More of relevant training vital in combating illegal migration

05Dec 2019
The Guardian
More of relevant training vital in combating illegal migration

SECTIONS of the media time and again carry reports of the arrest and arraignment of foreign nationals entering – and attempting to move across – our country illegally.

Many of them, believed to be Ethiopians or Eritreans, do so using perilous means of conveyance – hiding under the ‘bellies’ of trucks or tucked deep inside sealed ship containers.

There are several cases of some of these hapless people being found already dead, many from suffocation, hunger and thirst.

The situation is much similar in many regions of Africa and beyond – in Europe, Asia and the Americas. For instance, scores of Vietnamese citizens were last month found dead in a container on a ship in England as they were being ‘smuggled’ into that country.

US President Donald Trump was meanwhile once busy fighting it out with immigrants from Latin America to the point of erecting a wall along the Mexican border to ensure none crossed over.

In the Mediterranean, thousands of people from northern Africa have drowned in the past few years as they sought to cross into Europe in hazardous marine vessels, but thousands were successful, resulting in the most severe migration issue in Europe for centuries.

Just over three centuries ago, our ancestors were rounded up in Africa and shipped into America to work in plantations as slaves. Many resisted and some even jumped from the vessels and drowned in high seas rather than be transported to foreign countries. And now: people drown in the Mediterranean as they seek to make it to foreign countries, mostly apparently in a hunt for “greener pastures”.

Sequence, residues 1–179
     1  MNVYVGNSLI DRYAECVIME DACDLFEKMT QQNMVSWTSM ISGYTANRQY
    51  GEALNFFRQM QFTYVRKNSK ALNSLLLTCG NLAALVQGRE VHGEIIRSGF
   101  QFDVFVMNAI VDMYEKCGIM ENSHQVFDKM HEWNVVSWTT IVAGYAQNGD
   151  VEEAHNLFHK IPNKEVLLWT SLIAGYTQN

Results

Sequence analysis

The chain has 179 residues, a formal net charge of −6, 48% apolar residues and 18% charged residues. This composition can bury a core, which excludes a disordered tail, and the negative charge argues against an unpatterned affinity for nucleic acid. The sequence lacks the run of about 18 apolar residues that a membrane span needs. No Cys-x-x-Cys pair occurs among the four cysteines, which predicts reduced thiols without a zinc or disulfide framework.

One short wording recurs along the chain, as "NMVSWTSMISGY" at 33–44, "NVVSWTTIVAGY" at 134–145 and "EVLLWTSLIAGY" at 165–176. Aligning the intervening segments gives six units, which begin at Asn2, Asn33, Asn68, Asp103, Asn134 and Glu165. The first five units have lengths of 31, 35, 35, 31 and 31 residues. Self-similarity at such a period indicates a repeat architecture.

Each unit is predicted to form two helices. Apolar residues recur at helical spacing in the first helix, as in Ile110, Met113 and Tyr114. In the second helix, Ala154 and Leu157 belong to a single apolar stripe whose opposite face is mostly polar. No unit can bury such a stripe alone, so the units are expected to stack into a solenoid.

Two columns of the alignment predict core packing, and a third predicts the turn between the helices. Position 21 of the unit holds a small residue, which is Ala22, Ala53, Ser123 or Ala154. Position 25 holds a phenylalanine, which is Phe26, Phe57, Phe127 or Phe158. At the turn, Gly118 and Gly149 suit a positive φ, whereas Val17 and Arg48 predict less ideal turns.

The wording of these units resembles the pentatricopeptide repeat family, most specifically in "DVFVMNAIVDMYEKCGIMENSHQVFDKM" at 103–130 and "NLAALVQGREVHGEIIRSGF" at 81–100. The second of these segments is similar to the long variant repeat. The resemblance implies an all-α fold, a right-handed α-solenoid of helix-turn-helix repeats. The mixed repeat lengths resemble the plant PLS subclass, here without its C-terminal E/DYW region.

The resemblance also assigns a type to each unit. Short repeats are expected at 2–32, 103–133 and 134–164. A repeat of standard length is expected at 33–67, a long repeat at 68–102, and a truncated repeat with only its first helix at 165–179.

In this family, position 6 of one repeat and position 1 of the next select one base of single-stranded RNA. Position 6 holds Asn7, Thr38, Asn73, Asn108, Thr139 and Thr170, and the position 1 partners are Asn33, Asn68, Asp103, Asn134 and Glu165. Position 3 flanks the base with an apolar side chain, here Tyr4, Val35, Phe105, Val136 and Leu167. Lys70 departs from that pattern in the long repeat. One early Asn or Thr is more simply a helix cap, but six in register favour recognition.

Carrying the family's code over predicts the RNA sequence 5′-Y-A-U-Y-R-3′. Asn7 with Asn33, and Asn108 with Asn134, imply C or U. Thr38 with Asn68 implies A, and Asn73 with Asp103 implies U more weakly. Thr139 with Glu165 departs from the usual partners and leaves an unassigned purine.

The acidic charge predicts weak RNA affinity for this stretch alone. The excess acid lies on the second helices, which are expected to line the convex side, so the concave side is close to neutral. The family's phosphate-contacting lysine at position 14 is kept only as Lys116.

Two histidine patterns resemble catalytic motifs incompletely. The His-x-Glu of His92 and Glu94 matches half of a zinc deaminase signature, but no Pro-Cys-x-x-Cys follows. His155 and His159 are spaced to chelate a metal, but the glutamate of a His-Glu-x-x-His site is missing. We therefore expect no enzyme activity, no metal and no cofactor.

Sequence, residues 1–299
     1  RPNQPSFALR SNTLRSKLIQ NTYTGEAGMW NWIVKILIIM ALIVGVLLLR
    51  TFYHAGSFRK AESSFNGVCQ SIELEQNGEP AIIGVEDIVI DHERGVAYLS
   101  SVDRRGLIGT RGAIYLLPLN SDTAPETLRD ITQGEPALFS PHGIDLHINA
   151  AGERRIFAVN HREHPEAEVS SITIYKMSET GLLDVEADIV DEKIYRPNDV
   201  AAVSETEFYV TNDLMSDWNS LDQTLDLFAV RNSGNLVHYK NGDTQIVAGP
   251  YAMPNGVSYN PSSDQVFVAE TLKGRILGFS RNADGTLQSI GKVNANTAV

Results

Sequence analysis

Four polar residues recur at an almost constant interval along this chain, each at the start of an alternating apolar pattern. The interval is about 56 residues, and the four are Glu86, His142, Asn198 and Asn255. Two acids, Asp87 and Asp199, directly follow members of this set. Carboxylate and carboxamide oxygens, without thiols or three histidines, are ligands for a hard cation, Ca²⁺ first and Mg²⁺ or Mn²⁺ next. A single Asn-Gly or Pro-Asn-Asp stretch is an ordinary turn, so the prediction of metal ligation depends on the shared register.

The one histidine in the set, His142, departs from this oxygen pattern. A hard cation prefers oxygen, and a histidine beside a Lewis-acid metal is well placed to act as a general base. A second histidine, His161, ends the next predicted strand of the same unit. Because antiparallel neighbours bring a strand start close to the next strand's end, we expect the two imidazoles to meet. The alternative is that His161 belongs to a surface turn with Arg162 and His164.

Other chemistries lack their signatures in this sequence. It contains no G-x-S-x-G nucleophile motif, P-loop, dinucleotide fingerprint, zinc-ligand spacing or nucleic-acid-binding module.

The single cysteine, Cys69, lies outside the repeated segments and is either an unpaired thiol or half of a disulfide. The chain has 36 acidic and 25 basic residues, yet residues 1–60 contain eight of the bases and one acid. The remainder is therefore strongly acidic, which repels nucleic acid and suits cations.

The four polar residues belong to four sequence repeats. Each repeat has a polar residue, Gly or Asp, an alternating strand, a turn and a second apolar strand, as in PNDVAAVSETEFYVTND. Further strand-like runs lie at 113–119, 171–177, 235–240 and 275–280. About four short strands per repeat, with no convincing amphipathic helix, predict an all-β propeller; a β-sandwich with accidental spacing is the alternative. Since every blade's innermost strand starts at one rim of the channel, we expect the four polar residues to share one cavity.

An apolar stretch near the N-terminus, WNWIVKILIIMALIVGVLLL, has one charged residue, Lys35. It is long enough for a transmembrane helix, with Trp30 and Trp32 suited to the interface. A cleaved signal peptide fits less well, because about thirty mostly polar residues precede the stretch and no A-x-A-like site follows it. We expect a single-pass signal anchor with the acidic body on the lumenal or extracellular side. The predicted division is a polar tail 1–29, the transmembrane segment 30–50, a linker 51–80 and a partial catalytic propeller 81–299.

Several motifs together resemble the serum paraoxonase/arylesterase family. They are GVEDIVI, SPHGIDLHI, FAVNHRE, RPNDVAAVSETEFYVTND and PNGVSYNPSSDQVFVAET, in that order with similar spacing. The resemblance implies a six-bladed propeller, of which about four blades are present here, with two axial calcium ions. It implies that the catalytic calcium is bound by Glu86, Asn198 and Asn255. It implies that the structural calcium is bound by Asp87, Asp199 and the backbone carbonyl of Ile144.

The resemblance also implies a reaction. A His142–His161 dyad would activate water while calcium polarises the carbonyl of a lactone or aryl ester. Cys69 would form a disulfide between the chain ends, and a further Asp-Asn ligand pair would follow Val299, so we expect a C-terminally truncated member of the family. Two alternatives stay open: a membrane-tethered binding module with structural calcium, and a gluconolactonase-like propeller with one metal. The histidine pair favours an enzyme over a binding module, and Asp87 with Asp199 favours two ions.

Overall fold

The migration issue is a complex one as it has political, economic, social, cultural and other aspects that call for a comprehensive approach based on openness, cooperation and shared responsibilities if a lasting solution is to be found.

Some might be hard to agree that migration is the fashion of the future much like it has hitherto been critical in deciding the sustenance and survival of many people.

Although many years have passed since the adoption of the International Convention for the Suppression of the Traffic in Women and Children, trafficking in persons has now assumed even more alarming proportions than ever before and is considered as one of the most lucrative international crimes.

Many countries also take respect for human dignity and consideration for the interests of countries of origin and countries of destination as vital elements since migration is a phenomenon that keeps evolving.

It is also observed that mitigation measures now tend to be placed on the pursuit of criminal syndicates perpetuating the phenomenon while the plight of the victims, who suffer sexual and/or economic exploitation, is often taken for granted.

Even though instruments treated trafficking in humans as a transnational crime it must be approached from the point of view of human rights.

The International Organisation for Migration (IOM) last month signed a two-year agreement with the Tanzanian government relating to the provision of training meant to help immigration officers in the country become more knowledgeable on how to control illegal immigrants.

This is a hugely laudable effort, while the fact that the training is conducted at Tanzania’s Zonal Immigration College at Moshi is added bonus for the country which should go into making efforts to tame the tide of illegal immigration and the various challenges it poses easier to manage.